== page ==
Nortel Networks offices and installations in Canada and around the world were placed under vigilant security watch after French employees seeking better layoff terms threatened to blow the network hardware provider’s Chateaufort plant in the Yvelines area some 10 kilometres west of Paris.
Technology analysts who have been following Nortel’s restructuring moves say it is unlikely that Canadian employees of the embattled company would consider that same negotiating strategy. Meanwhile a spokesperson for Nortel in Canada the company’s French management team is meeting with French authorities and union leaders and that Nortel installations around the world are being secured.
“We are advancing in our efforts to find a positive solution to all parties concerned,” said Ryan Saxby Hill, media relations officer for Nortel.
He said the French-based research and development centre for Nortel’s wireless division will remain close for the rest of Wednesday for security reason and will be “reopened as soon as it is practical to do so.”
“Our global security teams are constantly vigilant in their monitoring the safety and security of our sites in Canada and around the globe, and we continue to do so,” he added.
Meanwhile Nokia Siemens Networks (NSN), which is eyeing Nortel’s carrier wireless unit and has entered a “definitive agreement” to purchase the business for US$650 million, remained silent about the Wednesday’s bomb threat. “I’d rather not comment on the situation,” said Susan Schramm, head of marketing and communications for NSN.
On Wednesday morning, workers of the French arm of Nortel threatened to blow up the company’s Chateaufort plant, according to the Reuters news agency.
Reports said gas cylinders were placed in front of the plant where 480 jobs were recently axed following bankruptcy proceedings. The tanks were later found to be empty. This was the second threat by French workers to blow up the Nortel facility in a week. A French car manufacturer that recently laid off workers also received similar threats last Sunday.
The French Nortel workers were indignant over how authorities were handling the company’s bankruptcy proceedings. “We are exasperated by the practices of the administrator. A meeting was planned yesterday, but it was cancelled at the last minute,” the French daily Le Parisien quoted union member as saying on Tuesday.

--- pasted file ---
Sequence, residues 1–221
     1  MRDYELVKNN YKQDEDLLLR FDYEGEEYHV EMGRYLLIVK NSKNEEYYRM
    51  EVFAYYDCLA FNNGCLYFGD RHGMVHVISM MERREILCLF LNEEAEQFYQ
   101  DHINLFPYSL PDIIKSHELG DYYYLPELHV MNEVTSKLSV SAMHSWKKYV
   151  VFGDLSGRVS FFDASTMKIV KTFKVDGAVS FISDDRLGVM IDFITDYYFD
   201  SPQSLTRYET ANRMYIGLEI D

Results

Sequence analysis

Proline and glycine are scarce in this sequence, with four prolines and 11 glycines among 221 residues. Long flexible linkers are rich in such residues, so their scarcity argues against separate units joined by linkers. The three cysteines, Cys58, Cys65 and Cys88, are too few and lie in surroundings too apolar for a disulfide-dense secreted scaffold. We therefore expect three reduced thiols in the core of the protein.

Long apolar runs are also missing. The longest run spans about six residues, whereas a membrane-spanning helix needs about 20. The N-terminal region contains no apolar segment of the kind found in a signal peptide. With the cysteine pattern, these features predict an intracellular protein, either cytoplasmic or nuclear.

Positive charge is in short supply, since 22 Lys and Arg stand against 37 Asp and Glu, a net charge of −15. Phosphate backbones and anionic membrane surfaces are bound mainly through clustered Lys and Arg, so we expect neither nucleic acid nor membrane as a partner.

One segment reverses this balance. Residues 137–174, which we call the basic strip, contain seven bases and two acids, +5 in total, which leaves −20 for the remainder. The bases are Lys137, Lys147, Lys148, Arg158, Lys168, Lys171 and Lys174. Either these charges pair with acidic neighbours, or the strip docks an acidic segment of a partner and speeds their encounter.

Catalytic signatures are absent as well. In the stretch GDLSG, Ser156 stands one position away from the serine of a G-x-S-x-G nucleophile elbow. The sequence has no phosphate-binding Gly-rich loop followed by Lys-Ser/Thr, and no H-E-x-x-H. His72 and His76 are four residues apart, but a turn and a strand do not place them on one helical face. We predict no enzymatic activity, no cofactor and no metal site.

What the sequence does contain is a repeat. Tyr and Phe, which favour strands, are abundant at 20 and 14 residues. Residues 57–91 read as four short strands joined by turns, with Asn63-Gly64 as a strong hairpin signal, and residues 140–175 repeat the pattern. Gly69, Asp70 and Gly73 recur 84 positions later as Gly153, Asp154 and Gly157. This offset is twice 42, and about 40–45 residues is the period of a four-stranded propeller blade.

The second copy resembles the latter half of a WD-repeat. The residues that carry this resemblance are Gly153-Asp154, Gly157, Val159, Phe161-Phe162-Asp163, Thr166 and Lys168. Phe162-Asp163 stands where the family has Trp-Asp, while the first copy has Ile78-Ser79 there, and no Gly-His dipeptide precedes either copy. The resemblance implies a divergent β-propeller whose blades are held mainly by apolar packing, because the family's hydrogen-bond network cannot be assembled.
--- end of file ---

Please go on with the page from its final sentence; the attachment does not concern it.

“It is not the first time. They have been stringing us along for four days. They have no respect for us,” the union member said.
The labour unrest presents another challenge for Nortel, according to Canadian network equipment specialist.
“This adds another layer of woe for Nortel,” said Ronald Pickett, president of RDM TeleManagement Group, a Newmarket, Ont-based consultancy firm that advices clients on network equipment.
He said the labour dispute will complicate restructuring plans and could turn off potential buyers should the Chateaufort plant be up for sale. “Who would want to buy a business that has labour problems? Things would have to be ironed out first.”
Another analyst says Nortel workers in Canada are not likely to resort to the same methods used by their French colleagues.
“The incident in France was not necessarily unexpected when you consider that we’ve seen strong reactions from unions in Europe in the past,” said Mark Tauschek, a senior analyst with the London, Ont-based Info- Tech Research Group Inc.
He said Nortel faces a bleak future. “In the end Nortel will be sold off in pieces and the cease to exist as we know it today.”
Although job loses are a certainty, Tauschek says he doubts if there will be any bomb threats here. “Canadian workers are of a different temperament. They’re not as militant.”
Although the company will eventually be broken up, analysts also say a NSN buy would be the best for Nortel’s wireless workers.